Home > Asterism, Ephemeris Program, Star Clusters > 11/16/2020 – Ephemeris – How to find the Pleiades or Seven Sisters

11/16/2020 – Ephemeris – How to find the Pleiades or Seven Sisters

November 16, 2020

This is Ephemeris for Monday, November 16th. Today the Sun will be up for 9 hours and 31 minutes, setting at 5:13, and it will rise tomorrow at 7:43. The Moon, 1 day past new, will set at 6:31 this evening.

A marvelous member of the autumn skies can be found low in the east after 8 in the evening. It is the famous star cluster called the Pleiades or the Seven Sisters. I might also add the ‘Tiny Dipper’. Many people can spot a tiny dipper shape in its six or seven stars, and mistake it for the Little Dipper. When I was nearsighted*, though corrected, I never had been able to see more than a few stars and a bit of fuzz. However, with binoculars, even I could see over a hundred stars appear along with the dipper shape of the brightest. The fuzz I saw was unresolved stars, but in photographs the Pleiades actually contain wisps of the gas and dust they are currently passing through. In Greek mythology the sisters were daughters of the god Atlas. I’ll be revisiting the Pleiades several times this autumn, winter, and as they disappear in the west in evening twilight next spring.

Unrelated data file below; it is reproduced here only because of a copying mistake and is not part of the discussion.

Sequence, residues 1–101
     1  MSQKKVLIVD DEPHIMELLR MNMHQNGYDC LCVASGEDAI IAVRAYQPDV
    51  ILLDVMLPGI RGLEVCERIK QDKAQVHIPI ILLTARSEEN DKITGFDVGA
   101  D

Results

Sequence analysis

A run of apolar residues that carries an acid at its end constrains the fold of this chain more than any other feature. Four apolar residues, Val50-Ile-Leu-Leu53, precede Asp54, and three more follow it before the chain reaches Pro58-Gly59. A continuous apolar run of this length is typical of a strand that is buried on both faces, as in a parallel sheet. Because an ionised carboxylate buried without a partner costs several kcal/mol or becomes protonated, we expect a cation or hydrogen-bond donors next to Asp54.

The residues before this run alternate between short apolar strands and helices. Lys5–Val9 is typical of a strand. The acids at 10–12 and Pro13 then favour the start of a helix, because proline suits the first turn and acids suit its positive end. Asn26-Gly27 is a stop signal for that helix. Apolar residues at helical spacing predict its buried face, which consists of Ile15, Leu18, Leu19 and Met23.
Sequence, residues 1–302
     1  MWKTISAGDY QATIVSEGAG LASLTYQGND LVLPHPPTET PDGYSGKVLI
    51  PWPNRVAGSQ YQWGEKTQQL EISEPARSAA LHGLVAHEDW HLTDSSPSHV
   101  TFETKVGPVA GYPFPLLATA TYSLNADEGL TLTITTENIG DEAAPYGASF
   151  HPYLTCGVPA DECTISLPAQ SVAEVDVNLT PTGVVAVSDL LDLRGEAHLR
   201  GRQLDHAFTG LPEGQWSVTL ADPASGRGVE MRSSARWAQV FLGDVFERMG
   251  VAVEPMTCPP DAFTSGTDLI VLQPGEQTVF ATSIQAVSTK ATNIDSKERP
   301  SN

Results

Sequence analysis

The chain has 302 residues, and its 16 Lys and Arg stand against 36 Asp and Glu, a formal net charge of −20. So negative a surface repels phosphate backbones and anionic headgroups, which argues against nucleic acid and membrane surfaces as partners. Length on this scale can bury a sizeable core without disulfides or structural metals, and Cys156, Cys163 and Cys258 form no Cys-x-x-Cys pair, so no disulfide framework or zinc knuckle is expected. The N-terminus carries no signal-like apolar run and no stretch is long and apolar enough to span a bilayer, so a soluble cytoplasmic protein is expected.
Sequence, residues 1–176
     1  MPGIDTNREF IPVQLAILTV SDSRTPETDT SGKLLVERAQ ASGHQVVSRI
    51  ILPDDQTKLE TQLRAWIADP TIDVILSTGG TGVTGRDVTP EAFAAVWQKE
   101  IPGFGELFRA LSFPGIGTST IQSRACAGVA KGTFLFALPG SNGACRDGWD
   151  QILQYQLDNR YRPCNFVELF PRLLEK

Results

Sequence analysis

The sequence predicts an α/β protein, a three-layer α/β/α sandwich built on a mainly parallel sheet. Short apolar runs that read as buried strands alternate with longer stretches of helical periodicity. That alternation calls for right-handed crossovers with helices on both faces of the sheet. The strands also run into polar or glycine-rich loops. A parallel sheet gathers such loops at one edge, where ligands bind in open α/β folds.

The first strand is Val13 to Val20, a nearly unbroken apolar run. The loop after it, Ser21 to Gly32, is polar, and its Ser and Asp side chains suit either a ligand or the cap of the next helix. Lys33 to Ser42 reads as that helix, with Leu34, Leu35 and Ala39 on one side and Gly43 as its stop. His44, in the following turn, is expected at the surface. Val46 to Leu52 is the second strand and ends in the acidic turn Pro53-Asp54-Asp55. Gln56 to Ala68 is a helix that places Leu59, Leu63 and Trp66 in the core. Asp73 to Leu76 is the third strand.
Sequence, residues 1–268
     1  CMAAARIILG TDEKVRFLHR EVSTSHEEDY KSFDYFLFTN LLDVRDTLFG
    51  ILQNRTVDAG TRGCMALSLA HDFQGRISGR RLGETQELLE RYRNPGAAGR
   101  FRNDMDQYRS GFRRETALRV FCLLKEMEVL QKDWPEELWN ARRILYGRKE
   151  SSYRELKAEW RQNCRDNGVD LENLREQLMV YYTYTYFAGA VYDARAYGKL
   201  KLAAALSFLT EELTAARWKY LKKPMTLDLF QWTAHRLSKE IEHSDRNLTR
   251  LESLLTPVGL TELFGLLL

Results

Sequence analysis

The event times given are for the Traverse City/Interlochen area of Michigan. They may be different for your location.

*My vision was corrected with cataract surgery a few years ago. The Pleiades now have a granular appearance now.


Pleiades finder animation

Pleiades finder animation looking east at 8 pm, November 16th. Click on the image to enlarge. Created using Stellarium.


Aldebaran in the ‘V’ shape of the Hyades (The face of Taurus the bull) with the Pleiades above. Created using Stellarium.

Greek Pleiades

The Greek Pleiades a painting by Elihu Vedder in the Metropolitan Museum of Art, New York City. Public Domain.

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